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In Iraq, A Complex Political Stalemate Drags On

Vice President Joe Biden speaks at the U.S. embassy in Baghdad on Sunday. Biden said all political blocs must be included in the new Iraqi government for it to succeed.
Hadi Mizban
/
AP
Vice President Joe Biden speaks at the U.S. embassy in Baghdad on Sunday. Biden said all political blocs must be included in the new Iraqi government for it to succeed.

Next week, Iraq's parliament is supposed to convene and begin the process of choosing a prime minister.

But some are saying that's not a real deadline and the political stalemate gripping parliament will continue into the fall. It has been nearly four months since Iraqis voted in a general election, but the results were so close that no party won enough seats to form a government on its own.

Vice President Joe Biden made a surprise visit to Iraq over the weekend to encourage Iraqi politicians to come to an agreement. But the political impasse is complicated.

Layers Of Conflict

In the March 7 elections, the party of the sitting prime minister, Nouri al-Maliki, lost by a narrow margin to the party of a former prime minister, Ayad Allawi.

Since then, Maliki, a Shiite, has aligned with other Shiite parties to form what's being called a super-Shiite bloc. With the largest number of seats in Parliament, this group is claiming the right to form a government.

But Allawi, a secular Shiite who has the backing of many of Iraq's Sunnis, says that's not fair. After all, he won the election, says the spokeswoman for his Iraqiya party, Maysoun al-Damalouji.

In a telephone interview, she said there's nothing wrong with the super-Shiite bloc holding meetings. "The problem is when they try to block Iraqiya from forming the government," she says.

So that's the conflict between Maliki and Allawi. But there's also conflict within Maliki's super-Shiite bloc. Many Shiites want Maliki out and a new Shiite candidate for prime minister in. But they can't agree on who this candidate should be.

'A Dictator Inside'

Iraqi Shiite Muslim women arrive at the Imam Musa al-Kadhim mosque in the Kadhimiya district of northern Baghdad on Monday as thousands began converging on the shrine to mark the death of the eighth-century imam.
Ahmad al-Rubaye
/
AFP/Getty Images
Iraqi Shiite Muslim women arrive at the Imam Musa al-Kadhim mosque in the Kadhimiya district of northern Baghdad on Monday as thousands began converging on the shrine to mark the death of the eighth-century imam.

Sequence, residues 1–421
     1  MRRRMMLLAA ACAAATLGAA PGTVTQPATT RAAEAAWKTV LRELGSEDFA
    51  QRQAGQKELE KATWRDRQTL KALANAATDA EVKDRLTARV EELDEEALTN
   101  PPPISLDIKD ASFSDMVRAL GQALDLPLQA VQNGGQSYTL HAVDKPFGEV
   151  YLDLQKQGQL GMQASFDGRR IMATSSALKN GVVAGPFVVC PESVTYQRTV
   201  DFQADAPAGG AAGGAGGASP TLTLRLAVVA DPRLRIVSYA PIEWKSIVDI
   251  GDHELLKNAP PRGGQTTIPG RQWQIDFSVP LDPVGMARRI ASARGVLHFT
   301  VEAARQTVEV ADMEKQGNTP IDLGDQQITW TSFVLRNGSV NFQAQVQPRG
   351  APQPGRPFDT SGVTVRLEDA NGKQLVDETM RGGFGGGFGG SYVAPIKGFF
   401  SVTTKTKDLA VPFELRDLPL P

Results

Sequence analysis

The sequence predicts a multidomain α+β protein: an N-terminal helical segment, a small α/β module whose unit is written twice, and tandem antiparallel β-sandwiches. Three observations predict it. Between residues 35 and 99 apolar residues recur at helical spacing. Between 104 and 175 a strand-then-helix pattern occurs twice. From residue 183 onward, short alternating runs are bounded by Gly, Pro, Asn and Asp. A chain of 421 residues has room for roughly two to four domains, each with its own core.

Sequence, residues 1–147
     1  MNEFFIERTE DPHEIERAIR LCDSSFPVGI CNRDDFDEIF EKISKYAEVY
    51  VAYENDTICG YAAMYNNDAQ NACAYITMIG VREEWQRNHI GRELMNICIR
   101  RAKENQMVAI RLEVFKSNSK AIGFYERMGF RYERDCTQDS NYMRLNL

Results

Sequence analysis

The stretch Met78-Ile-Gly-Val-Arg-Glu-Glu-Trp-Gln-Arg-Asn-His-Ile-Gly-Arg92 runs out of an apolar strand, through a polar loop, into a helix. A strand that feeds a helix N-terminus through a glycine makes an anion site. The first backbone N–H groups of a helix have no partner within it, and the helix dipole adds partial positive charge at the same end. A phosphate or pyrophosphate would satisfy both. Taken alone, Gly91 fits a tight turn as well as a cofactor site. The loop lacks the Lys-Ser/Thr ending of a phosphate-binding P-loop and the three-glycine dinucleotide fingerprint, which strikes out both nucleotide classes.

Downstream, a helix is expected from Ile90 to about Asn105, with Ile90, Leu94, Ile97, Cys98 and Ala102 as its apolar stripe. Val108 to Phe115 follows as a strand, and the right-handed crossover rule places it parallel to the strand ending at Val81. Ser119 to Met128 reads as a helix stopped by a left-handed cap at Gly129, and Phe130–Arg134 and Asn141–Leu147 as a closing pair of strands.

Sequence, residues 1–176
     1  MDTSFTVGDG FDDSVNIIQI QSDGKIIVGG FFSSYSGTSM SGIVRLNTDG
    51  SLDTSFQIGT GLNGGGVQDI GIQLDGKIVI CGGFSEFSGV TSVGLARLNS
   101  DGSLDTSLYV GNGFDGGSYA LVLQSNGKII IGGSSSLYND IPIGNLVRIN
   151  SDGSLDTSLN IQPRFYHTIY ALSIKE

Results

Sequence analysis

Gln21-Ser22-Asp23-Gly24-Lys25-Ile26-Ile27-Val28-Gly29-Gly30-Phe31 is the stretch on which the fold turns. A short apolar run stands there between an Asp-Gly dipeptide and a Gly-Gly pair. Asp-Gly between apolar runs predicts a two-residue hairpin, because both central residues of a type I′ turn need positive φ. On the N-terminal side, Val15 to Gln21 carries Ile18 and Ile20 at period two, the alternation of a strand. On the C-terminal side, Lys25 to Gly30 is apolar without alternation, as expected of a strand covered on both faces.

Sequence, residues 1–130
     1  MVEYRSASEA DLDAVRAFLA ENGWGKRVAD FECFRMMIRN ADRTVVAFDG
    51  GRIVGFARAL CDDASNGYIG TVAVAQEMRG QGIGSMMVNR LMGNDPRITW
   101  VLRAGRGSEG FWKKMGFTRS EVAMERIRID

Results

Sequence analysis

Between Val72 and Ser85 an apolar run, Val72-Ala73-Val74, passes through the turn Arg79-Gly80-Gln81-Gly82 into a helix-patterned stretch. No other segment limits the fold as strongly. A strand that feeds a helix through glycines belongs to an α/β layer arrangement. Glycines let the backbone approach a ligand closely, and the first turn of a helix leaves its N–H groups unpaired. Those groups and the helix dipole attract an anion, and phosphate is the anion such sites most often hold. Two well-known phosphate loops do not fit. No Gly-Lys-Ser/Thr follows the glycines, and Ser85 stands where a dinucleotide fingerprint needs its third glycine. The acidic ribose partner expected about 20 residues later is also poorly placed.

On the streets of Baghdad, music of mourning blares from loudspeakers as Shiite pilgrims march toward the Kadhimiya shrine, where two revered imams are buried.

Even here, the divisions are clear. Young men wearing all black have set up checkpoints to search pilgrims and check IDs. They are loyal to the radical Shiite cleric Muqtada al-Sadr.

Iraqi policemen, on Maliki's payroll, have their own checkpoints just a few paces away.

Ibrahim Sumydai, an Iraqi political analyst, says the problem is that none of the factions here is willing to let go of power and form an opposition instead. He says this mentality is a holdover from the era of Saddam Hussein.

"There is a dictator inside each one of them. It is a culture," he says. "They thought it is their last chance to be in the power, to get the power, and [stay] in the power forever."

Over the weekend, the visiting U.S. vice president said the Iraqi government should represent all people -- Shiites, Sunnis and Kurds -- not just one group.

Biden made it clear that while America's military operation is winding down -- with the number of troops steadily decreasing -- the civilian operation is ramping up.

"The United States is committed -- we're committed to cement that relationship through economic, political and diplomatic cooperation, not just by the use of arms," Biden said.

Diverging Opinions

Analysts here say this may be what the American people want to hear, but not necessarily what the Iraqis want to hear.

On one hand, the radical Islamists, both Shiite and Sunni, want the U.S. military all the way out of Iraq. Others say American soldiers should stay, to protect people against the radicals and to ensure that whoever takes power does not become another dictator.

Abdulhalek Zengela, a Kurdish member of parliament, says Biden was his usual, frank self with Iraqi leaders, and that's the way the Americans should remain.

"They have to remind us toughly that Iraq still needs allies. And without the help of the allies, Iraq can not overcome its political, cultural, economic crisis that Saddam put Iraq in," he says through an interpreter.

Back outside, Shiite pilgrims will march to the Kadhimiya shrine all week. It's already 110 degrees and only getting hotter. Young boys spray water on pilgrims, and volunteers man tents where the faithful can step out of the sun.

Two women who have walked for seven days from the southern city of Kut say they are not worried about security, despite the fact that earlier Monday, two bombs targeted pilgrims in another part of Baghdad.

One nods to the Sadr loyalists dressed in black. We'll be taken care of, she says, by our own people.

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